Here’s a travel recipe to have your head flying off somewhere in space: sleep for 4 hours (waking in panic at intervals, sure you’ve missed the plane), get up at 5.45am, fly from Bologna to Munich, then from Munich to Washington DC – seated next to a three-month-old baby, and attended by two evil stewardesses who would have fitted well in the Russian gulag. Yes, that was my day yesterday. But here I am, more or less seated at my desk again and more or less raring to go!Bologna was a blast; I wish I could have blogged from there, but sadly the pace is much too frenzied and you really don’t get near a computer. I know some of you would love to go to the fair, so here’s what it’s like . . . Imagine lots of enormous warehouses/exhibition halls side by side, with grassy bits and benches in between, where people can stroll or sit and munch a hasty panini. In these halls just about every children’s publisher, packager etc etc in the world has a stand, with all the agents up in the Agents’ Centre at tables or in booths. If you’re an English speaker chances are you’ll spend most time in Halls 25 and 26, with occasional forays into the European areas. Everyone creates their own schedules, but most (like me) start at 9am and go through till 5.30 with appointments every half-hour (yes, that’s about 17 sessions per day), pitching your wares to all kinds of people. For me as a transatlantic agent, my time was divided between US and UK publishers, scouts from both territories, and movie people. Then there’s all the unscheduled meetings you have with old friends/colleagues/book cronies as you bump into them, heading rapidly to grab a cappuccino or stand in the endless bathroom queue. Yes, there’s a lot of hugging and kissing and some great reunions! The children’s industry is very small, so you tend to rediscover people in different incarnations – and lots of people were pretty interested in mine! I was pleased to be interviewed by Publishers Weekly, and the UK’s Bookseller and Publishing News. Not bad!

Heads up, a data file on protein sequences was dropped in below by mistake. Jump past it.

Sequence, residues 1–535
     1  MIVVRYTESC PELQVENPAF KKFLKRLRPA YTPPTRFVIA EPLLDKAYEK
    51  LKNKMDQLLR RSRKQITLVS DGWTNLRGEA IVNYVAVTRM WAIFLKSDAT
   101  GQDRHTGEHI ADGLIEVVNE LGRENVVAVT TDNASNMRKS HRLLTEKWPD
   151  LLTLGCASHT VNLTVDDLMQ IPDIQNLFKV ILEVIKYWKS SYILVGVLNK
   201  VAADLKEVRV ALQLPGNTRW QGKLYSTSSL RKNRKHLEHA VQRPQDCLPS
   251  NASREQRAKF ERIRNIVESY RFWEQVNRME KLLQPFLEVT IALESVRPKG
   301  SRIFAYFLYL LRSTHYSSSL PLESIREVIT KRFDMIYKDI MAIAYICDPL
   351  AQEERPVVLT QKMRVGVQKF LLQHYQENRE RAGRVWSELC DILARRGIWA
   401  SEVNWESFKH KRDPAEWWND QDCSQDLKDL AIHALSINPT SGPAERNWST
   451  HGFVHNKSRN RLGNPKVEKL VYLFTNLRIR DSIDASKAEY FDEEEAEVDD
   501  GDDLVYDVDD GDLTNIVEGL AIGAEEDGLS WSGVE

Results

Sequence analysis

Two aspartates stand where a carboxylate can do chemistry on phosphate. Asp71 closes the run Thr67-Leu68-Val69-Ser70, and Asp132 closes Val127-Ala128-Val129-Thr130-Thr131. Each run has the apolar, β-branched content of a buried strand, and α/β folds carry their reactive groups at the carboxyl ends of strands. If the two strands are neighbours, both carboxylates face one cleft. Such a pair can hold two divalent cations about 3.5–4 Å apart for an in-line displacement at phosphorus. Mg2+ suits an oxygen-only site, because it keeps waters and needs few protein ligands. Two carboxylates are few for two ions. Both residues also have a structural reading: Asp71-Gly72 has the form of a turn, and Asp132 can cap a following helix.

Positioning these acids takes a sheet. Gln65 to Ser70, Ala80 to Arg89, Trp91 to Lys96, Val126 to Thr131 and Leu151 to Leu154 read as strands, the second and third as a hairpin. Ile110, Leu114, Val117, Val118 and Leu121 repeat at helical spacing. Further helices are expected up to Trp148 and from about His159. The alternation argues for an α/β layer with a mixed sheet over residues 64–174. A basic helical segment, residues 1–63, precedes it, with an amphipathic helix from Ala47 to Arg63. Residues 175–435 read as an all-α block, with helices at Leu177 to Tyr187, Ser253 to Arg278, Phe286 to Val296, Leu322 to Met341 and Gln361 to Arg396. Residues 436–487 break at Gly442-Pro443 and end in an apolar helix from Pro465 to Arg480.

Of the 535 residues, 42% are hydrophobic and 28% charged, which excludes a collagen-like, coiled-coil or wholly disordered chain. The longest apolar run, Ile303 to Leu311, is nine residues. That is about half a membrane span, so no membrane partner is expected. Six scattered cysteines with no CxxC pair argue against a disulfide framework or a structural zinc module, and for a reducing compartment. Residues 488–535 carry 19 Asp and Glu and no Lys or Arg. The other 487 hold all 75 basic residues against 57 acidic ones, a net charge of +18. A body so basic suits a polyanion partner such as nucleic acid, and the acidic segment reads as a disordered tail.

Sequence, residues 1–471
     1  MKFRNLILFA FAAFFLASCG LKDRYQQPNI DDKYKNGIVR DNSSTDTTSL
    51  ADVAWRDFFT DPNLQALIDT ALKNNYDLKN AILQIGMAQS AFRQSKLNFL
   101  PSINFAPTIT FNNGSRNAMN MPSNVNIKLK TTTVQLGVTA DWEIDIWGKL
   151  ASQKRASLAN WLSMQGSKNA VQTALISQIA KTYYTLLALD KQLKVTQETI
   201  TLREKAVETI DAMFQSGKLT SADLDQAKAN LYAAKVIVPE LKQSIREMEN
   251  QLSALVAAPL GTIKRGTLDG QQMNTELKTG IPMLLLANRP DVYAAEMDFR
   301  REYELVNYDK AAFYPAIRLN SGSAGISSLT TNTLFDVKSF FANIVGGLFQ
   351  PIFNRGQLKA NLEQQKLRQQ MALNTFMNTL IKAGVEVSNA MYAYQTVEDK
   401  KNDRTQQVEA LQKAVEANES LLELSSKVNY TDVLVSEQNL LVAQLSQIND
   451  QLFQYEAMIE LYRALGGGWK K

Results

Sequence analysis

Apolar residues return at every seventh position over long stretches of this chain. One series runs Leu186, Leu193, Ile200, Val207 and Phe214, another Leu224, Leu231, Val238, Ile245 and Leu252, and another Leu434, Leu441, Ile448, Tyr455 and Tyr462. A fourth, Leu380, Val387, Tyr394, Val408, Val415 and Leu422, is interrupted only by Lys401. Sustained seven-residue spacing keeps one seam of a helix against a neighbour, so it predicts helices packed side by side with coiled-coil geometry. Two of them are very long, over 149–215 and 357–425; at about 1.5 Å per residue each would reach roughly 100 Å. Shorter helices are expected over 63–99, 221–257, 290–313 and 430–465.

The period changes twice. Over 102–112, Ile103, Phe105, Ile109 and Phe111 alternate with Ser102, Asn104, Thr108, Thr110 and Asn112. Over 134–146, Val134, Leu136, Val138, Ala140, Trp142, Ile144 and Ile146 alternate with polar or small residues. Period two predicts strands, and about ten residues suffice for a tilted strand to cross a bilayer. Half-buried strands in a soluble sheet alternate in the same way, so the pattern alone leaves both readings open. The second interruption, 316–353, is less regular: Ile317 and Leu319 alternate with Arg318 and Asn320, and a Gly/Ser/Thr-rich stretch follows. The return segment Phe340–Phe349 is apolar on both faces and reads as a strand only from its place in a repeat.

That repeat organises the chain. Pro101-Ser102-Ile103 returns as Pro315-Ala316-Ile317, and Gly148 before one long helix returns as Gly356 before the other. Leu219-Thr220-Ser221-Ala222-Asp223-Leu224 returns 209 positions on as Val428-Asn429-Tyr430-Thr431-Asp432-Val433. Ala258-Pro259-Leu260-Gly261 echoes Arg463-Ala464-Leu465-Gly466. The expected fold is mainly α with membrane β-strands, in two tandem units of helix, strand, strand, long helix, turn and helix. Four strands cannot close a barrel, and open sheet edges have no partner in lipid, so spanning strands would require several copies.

Come the end of the day, you head for a bus or taxi and bomb back to your hotel for (if you’re very lucky) a short rest, a change of clothes, then it’s out for drinks and dinner in one of the town’s glorious restaurants – again, either hosting or being hosted. I had various good evenings – with Harper US and UK, and with Pocket Jeunesse from Paris, plus a great drinks party thrown by Egmont US and UK in a fabulous old building converted into a contemporary bar. After too much great food and prosecco, you head ‘home’ to your hotel (rarely before midnight and often a good deal later), ready to fall into a coma for a few hours and start the whole thing again early next morning. Your jaw feels like it’s about to fall off after countless hours of talking, and your feet develop strange blisters from the walking, but it’s all an incredible experience. Bologna is a truly beautiful city – 16th century palazzi (is that the plural of palazzo?), the lovely old Piazza Maggiore, ancient little cobbled and colonnaded streets, top-end designer shops – and somehow even the bus drivers look like they’ve just stepped out of an Armani ad (how do Italians DO that?). And yet there’s a dark underside too: tons of graffiti, pickpocketing. But I still love it there.
So, it’s back to work now, in earnest. I had lots of great comments about my authors and projects and I’m looking forward to following up – and of course to finding those new gems. As one scout said to me, ‘It’s all a question of finding that must-have book’ – and that’s what it takes. It’s got to be MUST-HAVE for a publisher; something they simply can’t bear to turn down. With issues like the decline of the hardback in the UK and exchange-rate headaches, everyone’s under pressure and every dollar, pound or euro spent must be justified.
A small addendum. Apologies to anyone who spotted the sordid spam that appeared on my blog in my absence. I was mad as a hornet about it, and immediately contacted the web designers to clean things up. Sadly, this does now mean I shall have to ‘moderate’ what appears on the blog. Don’t stop writing comments (please!) but I now have to veto them before allowing them to appear. Isn’t it a pain? There’s always someone out there with abusive intentions, which is a great shame.
Back to my reading now – if I can overcome the jetlag for another few hours! It’s good to be home.